Ineffective assistance of counsel during jury instructions creates caution for most defense attorneys. This case, is no exception. Errors with jury instructions for the charge of possession of defaced firearm got everyone in trouble. Listen Podcast to Episode 009, to discover what happened in this case.
Illinois Compiled Statutes Criminal Code section 720 ILCS 5/24/5(b) provides that –
“[a] person who possesses any firearm upon which any such importer’s or manufacturer’s serial number has been changed, altered, removed or obliterated commits a Class 3 felony.”
As you may have noticed, this crime does not contain a mental state. The legislators actually took it out on purpose!
Illinois courts have said, “Look, we know the State lawmakers have taken out the ‘knowledge’ requirement from this law, but that is dumb and there has to be a required mental state.”
They did not exactly say it that way, but in their rulings they have included a “knowing” mental state in that crime applied to every element.
There are no recommended jury instructions for this crime. Attorneys like recommended instructions because it means no reversible error.
When we have to draft our own instructions we know that “tracking the code” is a safe bet to avoid error. Ineffective assistance of counsel during jury instructions can usually be avoided by tracking the code. The problem with “tracking the code” for possession of a firearm with defaced identification marks is that the code is wrong.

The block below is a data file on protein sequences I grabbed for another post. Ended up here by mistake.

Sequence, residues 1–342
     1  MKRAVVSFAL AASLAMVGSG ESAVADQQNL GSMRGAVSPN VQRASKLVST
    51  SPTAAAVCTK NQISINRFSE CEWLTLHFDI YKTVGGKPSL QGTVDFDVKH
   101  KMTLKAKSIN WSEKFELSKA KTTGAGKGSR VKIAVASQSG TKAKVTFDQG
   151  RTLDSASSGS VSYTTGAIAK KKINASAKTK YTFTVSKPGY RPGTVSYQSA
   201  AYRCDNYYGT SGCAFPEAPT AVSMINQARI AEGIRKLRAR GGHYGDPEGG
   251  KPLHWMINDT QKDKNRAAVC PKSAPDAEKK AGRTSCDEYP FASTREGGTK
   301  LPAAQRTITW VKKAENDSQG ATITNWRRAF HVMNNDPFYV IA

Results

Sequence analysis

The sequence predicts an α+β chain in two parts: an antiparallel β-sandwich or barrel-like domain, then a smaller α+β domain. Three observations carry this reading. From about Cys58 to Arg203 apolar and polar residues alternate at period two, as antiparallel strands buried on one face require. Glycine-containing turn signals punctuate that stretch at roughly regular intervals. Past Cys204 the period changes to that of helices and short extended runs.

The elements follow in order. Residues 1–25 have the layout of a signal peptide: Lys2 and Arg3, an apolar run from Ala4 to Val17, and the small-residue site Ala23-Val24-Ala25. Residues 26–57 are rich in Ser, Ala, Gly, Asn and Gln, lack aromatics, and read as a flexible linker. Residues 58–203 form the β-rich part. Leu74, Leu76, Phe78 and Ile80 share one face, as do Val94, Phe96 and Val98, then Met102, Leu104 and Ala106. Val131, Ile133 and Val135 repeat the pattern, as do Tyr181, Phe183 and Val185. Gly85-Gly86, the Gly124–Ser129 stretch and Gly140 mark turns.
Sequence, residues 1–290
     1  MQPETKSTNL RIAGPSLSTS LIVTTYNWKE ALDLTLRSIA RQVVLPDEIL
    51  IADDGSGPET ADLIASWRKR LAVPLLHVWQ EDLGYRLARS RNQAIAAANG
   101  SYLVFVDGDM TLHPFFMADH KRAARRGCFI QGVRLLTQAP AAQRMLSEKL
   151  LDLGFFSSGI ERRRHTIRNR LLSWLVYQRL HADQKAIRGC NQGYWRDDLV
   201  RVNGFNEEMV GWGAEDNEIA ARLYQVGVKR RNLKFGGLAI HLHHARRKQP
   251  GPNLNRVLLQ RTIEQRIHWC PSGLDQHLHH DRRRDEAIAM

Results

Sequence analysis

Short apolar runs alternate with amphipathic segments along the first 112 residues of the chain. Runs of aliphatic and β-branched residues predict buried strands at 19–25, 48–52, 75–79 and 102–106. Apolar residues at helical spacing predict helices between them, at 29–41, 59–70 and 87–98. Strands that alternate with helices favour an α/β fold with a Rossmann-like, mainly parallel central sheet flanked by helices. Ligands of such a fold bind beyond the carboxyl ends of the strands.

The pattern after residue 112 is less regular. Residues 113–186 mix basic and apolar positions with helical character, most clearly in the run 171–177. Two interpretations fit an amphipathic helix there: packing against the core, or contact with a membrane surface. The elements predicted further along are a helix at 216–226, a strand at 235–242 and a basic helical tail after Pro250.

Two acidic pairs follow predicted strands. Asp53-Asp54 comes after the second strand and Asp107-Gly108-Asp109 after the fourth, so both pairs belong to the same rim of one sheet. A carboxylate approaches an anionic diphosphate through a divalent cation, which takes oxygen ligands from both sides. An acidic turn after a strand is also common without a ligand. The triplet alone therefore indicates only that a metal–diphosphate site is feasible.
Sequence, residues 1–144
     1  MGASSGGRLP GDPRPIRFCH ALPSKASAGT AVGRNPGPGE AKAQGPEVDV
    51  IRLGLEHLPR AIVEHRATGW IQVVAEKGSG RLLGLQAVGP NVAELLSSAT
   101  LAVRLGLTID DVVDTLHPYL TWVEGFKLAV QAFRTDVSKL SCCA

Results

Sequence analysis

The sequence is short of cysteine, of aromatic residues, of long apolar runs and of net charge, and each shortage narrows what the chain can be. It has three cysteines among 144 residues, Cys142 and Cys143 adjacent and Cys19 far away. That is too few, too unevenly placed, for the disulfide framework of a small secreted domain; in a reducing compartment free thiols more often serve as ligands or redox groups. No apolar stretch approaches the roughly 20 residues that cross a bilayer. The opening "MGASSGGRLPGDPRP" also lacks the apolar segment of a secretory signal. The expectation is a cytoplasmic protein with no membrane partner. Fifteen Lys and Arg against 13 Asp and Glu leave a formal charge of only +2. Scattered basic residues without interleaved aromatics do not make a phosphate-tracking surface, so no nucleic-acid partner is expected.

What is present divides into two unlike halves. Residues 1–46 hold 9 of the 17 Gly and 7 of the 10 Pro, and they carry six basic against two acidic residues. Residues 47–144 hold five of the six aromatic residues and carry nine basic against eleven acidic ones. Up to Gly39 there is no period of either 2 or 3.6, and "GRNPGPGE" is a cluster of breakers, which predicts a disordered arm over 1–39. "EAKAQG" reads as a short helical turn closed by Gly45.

Ineffective Assistance of Counsel
The jury instructions in this case did not make it clear that the knowledge requirement also applied to the defaced identification marks. This means that the instructions needed to specifically point out to the jury that the defendant knew the gun in his possession had a defaced identification.
The instructions in this case did not do that.
The defense attorney was found to be ineffective for allowing those instructions to go through. We all know however, that despite the legal finding in this case. All the attorneys, including the court, have a responsibility to insure that correct legal instructions are presented to the jury.
Yes, the legal conclusion was “ineffective assistance of DEFENSE counsel”. But everyone had a slip up in this case.